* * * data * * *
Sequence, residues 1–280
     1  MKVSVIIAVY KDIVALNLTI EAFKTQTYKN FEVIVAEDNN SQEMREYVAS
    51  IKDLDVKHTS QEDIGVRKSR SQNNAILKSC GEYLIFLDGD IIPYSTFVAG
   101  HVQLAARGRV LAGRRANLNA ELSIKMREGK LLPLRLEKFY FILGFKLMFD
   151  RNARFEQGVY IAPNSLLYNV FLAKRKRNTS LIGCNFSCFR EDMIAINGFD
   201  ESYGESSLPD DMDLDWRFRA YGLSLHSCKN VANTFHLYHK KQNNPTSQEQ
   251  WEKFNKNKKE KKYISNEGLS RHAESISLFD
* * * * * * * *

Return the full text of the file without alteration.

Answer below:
Sequence, residues 1–280
     1  MKVSVIIAVY KDIVALNLTI EAFKTQTYKN FEVIVAEDNN SQEMREYVAS
    51  IKDLDVKHTS QEDIGVRKSR SQNNAILKSC GEYLIFLDGD IIPYSTFVAG
   101  HVQLAARGRV LAGRRANLNA ELSIKMREGK LLPLRLEKFY FILGFKLMFD
   151  RNARFEQGVY IAPNSLLYNV FLAKRKRNTS LIGCNFSCFR EDMIAINGFD
   201  ESYGESSLPD DMDLDWRFRA YGLSLHSCKN VANTFHLYHK KQNNPTSQEQ
   251  WEKFNKNKKE KKYISNEGLS RHAESISLFD